Charges of drug trafficking and criminal gang activity were dismissed for Anthony Joe Starks of Ellijay. Magistrate Court Judge Kellie Hill found insufficient probable cause to bind the case over to Superior Court for trial.
According to Officer Adam Cirillo of the Cobb County Police Department’s Precinct 3, Starks told him that he was a member of the Ghostface Gangsters when Cirillo asked about Ghostface tattoos on Starks’ face.
Cirillo testified in court that he was on foot patrol in the Araamada Inn on South Cobb Drive on January 21 when the desk clerk reported a smell coming from a room. The officer noticed the strong odor of burnt marijuana coming from a first-floor room, and he and Officer McTier, who was also on the scene, questioned the three occupants of the room: Nathan Madison of Blue Ridge, who was the registered guest in the room, Tiffany Patterson of Blue Ridge, and Starks.
In the course of questioning the occupants, Cirillo noted that both Madison and Starks had Ghostface tattoos. Starks told him he was a member of that gang. Madison denied membership. Cirillo’s initial incident report stated, “It was later determined that Mr. Madison and Mr. Anthony Starks were members of the Ghost Face Killer criminal gang organization.”
After receiving a search warrant police found large quantities of marijuana, ecstasy, LSD, and methamphetamine in various closed containers in the room. Madison told police the drugs were his. Starks and Patterson denied knowledge of the drugs.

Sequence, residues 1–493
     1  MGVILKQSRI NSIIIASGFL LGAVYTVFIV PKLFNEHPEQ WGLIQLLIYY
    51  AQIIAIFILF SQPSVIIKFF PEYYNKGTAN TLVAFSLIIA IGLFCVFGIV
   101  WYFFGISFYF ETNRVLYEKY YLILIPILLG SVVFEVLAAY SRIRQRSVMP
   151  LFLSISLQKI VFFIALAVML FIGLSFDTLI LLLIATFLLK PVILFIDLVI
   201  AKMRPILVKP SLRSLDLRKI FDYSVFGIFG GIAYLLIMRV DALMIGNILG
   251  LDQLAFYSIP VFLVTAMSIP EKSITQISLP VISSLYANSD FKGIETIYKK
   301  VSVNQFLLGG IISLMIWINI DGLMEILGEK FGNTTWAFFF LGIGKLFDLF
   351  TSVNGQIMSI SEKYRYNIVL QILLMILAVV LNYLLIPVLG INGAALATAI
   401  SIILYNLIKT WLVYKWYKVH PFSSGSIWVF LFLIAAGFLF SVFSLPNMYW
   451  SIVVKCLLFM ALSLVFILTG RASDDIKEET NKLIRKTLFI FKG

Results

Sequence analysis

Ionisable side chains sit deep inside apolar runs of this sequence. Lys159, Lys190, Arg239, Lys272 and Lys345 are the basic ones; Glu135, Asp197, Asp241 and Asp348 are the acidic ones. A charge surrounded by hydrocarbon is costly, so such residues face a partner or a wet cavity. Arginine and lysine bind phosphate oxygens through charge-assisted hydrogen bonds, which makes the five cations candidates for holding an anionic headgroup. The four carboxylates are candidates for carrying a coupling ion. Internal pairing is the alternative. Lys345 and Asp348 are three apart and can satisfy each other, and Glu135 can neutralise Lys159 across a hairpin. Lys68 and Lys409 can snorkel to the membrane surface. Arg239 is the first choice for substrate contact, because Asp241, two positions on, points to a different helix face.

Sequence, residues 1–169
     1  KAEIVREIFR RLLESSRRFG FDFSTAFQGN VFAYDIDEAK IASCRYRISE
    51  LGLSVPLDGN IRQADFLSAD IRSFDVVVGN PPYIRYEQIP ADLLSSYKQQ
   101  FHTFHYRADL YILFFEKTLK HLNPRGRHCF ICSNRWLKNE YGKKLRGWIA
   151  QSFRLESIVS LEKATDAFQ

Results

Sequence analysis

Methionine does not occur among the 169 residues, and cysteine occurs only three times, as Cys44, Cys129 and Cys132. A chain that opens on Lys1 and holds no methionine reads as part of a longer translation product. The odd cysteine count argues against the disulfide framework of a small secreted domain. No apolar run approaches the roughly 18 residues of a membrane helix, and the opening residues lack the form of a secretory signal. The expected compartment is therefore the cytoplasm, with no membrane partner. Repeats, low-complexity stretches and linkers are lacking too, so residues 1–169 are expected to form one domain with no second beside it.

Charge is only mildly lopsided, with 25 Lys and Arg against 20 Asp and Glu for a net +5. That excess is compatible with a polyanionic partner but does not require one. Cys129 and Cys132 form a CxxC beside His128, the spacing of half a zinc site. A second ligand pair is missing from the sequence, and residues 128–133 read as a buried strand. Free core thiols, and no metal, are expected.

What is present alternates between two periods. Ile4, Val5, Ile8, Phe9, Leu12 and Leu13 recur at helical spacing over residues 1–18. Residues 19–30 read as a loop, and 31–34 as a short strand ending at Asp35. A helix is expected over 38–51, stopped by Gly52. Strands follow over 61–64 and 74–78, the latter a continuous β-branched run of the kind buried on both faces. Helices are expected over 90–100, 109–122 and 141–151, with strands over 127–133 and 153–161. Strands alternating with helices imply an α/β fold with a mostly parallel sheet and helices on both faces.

All three suspects were booked on drug trafficking charges and “violation of street gang unlawful acts.”
During the probable cause hearing in Judge Hill’s court, defense attorney Mitchell Durham argued that Madison had said the drugs were his and that since the drugs were out of sight in closed bags and containers there was no reason to believe that his client, Starks, was aware of the drugs. He cited three cases in which charges were dismissed under what he said were similar circumstances.
Cobb County Assistant District Attorney Marc Cella said that all three of the suspects were traveling together from North Georgia, staying in a motel room where illegal drugs were present, and that created sufficient probable cause to send Stark’s case to trial.
A press release from the U.S. Department of Justice issued last March during the indictment of 23 members describes the Ghostface Gangsters as follows:
According to the indictment, the Ghostface Gangsters is a whites-only prison gang formed in the year 2000 in the Cobb County, Georgia jail system. The gang has since expanded outside the prison system, and its membership is now estimated to include thousands of members throughout Georgia. The gang is highly organized into different positions of leadership, including, for example, the founding “Pillars” of the gang, those having a “seat at the table,” “First Lady” and numerous state-wide positions of governance. Members follow written gang literature, use violence to enforce gang rules, and facilitated the gang’s criminal activities from within prisons using contraband cell phones.